After a federal court injunction to stop construction until the matter could be litigated and the day after the tribe's lawyers filed additional papers in court with information of sacred sites and burial sites along the pipeline path, DAPL sent work crews on a holiday weekend with three bulldozers to dig up those sites and destroy them in order to make them irrelevant to the case. As the gathered Natives tried to block them from digging up and destroying their relatives' graves, a private security company hired by DAPL blocked all cell phone reception to keep word from getting out and then assaulted them with pepper spray and attack dogs. Several protesters were bitten, including a pregnant woman, and one was hospitalized with facial dog bites. Amy Goodman and Democracy Now were in the camp interviewing its members and caught the entire event on camera (see link below), including dogs with bloody mouths after biting Natives, which is probably the only reason the security guards finally left and didn't cause even more injuries. It becomes apparent from this and from the sheriff's statement afterward that the camp attacked the security guards and dogs, injuring them, (when the sheriff was not on the scene at the time) that neither DAPL nor the local authorities are dealing in good faith or legality.

This is national news of great importance, but until the past two days, this defense of sacred lands and waters, which has lasted for months, was paid no attention by the national news media, although multiple major international media outlets stayed on top of it and broadcast/wrote about it for their audiences around the world. It's an old, old story, however—U.S. government and private corporations deal in bad faith and illegally with Indigenous nations. Genocide, ethnic cleansing, land theft, you name it—this treatment of its Indigenous people by a country that claims to be a shining city of virtue and fairness on a hill above all others as an example to the world is, with slavery and its modern results, as well, hiding dark, shameful roots.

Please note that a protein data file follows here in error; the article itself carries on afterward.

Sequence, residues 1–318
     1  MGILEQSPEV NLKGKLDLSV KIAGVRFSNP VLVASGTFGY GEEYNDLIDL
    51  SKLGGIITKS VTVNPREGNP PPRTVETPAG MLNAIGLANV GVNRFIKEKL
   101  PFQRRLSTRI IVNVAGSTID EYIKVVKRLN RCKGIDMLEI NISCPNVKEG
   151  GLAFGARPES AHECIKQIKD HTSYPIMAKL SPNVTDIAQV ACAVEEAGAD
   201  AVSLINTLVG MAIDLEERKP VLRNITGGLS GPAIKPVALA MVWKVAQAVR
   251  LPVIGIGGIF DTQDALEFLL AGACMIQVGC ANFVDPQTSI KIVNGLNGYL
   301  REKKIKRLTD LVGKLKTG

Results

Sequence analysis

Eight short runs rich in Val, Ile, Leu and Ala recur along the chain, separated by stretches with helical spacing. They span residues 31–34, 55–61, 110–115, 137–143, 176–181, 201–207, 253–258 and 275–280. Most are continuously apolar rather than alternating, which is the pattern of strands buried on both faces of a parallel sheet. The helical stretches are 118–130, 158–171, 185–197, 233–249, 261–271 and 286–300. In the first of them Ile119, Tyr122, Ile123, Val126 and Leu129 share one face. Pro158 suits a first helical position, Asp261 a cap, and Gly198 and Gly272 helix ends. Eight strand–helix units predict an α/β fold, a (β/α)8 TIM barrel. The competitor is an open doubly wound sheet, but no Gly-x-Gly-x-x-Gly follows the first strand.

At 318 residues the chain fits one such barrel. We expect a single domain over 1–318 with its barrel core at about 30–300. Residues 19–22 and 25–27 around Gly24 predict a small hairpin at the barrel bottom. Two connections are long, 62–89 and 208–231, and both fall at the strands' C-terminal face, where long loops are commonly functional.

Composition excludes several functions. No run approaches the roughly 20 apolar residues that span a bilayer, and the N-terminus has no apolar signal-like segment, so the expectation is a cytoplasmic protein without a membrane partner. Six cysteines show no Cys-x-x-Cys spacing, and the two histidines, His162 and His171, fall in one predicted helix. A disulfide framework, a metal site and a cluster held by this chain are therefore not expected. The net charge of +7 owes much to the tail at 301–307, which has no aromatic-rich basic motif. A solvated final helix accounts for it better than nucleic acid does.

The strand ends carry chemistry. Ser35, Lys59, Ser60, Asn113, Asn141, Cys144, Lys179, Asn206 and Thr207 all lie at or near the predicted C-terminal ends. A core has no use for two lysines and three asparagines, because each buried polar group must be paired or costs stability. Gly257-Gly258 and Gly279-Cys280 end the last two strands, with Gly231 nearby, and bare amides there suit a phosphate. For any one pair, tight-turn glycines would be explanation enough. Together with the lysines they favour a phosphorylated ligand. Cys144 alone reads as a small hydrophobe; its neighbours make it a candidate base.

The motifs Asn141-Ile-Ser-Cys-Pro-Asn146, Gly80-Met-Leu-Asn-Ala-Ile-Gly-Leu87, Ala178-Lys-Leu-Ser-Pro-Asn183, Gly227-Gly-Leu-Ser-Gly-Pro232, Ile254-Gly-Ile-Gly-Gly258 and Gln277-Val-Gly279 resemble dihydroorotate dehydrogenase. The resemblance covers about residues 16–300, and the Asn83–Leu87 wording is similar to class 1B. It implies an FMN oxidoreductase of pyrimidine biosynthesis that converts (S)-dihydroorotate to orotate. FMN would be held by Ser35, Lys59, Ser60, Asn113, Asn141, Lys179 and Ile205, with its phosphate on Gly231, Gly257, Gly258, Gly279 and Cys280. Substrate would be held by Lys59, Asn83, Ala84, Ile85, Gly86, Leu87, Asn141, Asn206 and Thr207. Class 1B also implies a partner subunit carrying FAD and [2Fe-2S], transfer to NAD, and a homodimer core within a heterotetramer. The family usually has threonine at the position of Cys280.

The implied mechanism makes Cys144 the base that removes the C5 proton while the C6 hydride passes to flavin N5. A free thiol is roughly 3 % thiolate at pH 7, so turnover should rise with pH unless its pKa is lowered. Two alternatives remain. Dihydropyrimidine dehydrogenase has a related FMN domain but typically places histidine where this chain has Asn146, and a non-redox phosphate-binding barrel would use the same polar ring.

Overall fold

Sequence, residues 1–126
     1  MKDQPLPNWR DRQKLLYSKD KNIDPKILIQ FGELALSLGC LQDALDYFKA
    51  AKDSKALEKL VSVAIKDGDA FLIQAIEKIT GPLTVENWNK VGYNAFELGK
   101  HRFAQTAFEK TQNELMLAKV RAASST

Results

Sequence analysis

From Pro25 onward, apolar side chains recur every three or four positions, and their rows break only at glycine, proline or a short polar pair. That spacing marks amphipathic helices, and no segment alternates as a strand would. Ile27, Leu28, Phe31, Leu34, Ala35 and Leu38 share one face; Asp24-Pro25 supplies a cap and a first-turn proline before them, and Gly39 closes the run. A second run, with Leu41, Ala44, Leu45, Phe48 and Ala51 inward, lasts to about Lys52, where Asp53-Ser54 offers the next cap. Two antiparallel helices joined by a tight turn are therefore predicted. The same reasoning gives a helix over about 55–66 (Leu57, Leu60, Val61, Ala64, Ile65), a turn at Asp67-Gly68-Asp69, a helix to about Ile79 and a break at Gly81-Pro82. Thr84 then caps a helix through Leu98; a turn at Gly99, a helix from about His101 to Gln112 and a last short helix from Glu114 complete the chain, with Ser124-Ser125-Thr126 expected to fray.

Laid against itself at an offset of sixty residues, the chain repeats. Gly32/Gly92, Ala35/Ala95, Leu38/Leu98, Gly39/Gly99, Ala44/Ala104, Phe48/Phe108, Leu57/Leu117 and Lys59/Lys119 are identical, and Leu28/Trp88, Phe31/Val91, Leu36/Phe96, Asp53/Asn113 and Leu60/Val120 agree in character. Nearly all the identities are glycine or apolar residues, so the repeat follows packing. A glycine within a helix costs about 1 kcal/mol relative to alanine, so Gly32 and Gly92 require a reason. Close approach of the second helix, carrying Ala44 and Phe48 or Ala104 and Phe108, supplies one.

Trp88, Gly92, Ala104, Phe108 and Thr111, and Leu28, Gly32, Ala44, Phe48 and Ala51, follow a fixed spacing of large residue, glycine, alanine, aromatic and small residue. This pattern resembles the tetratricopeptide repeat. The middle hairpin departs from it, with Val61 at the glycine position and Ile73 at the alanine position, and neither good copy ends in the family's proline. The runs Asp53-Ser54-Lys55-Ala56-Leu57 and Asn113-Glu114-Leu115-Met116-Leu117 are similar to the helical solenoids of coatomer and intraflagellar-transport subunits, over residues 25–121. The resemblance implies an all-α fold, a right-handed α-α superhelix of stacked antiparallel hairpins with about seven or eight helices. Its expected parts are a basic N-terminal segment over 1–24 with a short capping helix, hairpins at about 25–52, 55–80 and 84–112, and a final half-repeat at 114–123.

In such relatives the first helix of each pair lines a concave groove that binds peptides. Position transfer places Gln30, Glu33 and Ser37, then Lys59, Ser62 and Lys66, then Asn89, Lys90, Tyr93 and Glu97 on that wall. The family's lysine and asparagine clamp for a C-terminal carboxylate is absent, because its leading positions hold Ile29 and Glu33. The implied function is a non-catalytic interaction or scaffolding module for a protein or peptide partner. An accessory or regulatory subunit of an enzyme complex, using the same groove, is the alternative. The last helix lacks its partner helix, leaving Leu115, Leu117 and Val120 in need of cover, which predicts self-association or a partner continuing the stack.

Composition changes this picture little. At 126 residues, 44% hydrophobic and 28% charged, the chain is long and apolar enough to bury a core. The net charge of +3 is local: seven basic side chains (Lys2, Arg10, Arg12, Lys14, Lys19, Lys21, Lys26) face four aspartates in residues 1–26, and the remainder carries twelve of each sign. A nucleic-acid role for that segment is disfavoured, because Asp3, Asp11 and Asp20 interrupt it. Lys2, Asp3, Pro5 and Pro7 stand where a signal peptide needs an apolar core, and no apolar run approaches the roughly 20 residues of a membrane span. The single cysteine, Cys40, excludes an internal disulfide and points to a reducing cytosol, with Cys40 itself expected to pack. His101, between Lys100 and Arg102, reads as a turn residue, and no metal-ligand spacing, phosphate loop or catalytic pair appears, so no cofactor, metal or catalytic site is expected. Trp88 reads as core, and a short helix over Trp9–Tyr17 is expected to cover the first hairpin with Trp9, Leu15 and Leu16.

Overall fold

When racist trolls at public events and online tell us to “get over it,” this is why we can't. It's still going on, still happening to our people—even today when Americans say, “That was our ancestors, not us. We would never do that.” To all those Americans, I say this, “If you allow this corporation and your government to do this today, you are still doing what your ancestors did to the Indigenous people whose land you live on and work on today.”


  1. It seemed needed. I haven't seen anyone say, "Hey, you say you wouldn't have done this to us, but here it is and yes, you're doing it still." I was so disappointed with POTUS' reply to that question about it--"All that stuff happened in the past, but we don't do that anymore." Not true, at all.

  2. I'm sorry to say I wasn't aware of this situation until I read your blog. I grateful to you for writing it.

  3. The good news, Rosemary, is that, although the judge unbelievably ruled against the tribe, the US government (DOJ, DOI, DOA) declared a halt to construction until there was time to consider the environmental impact and the sacred sites. Temporary, but we'll take it for now. No one will be leaving the camps, however. They're all in for the long haul, and the rest of us around the country who can't join them are so grateful to and proud of all our relatives out there.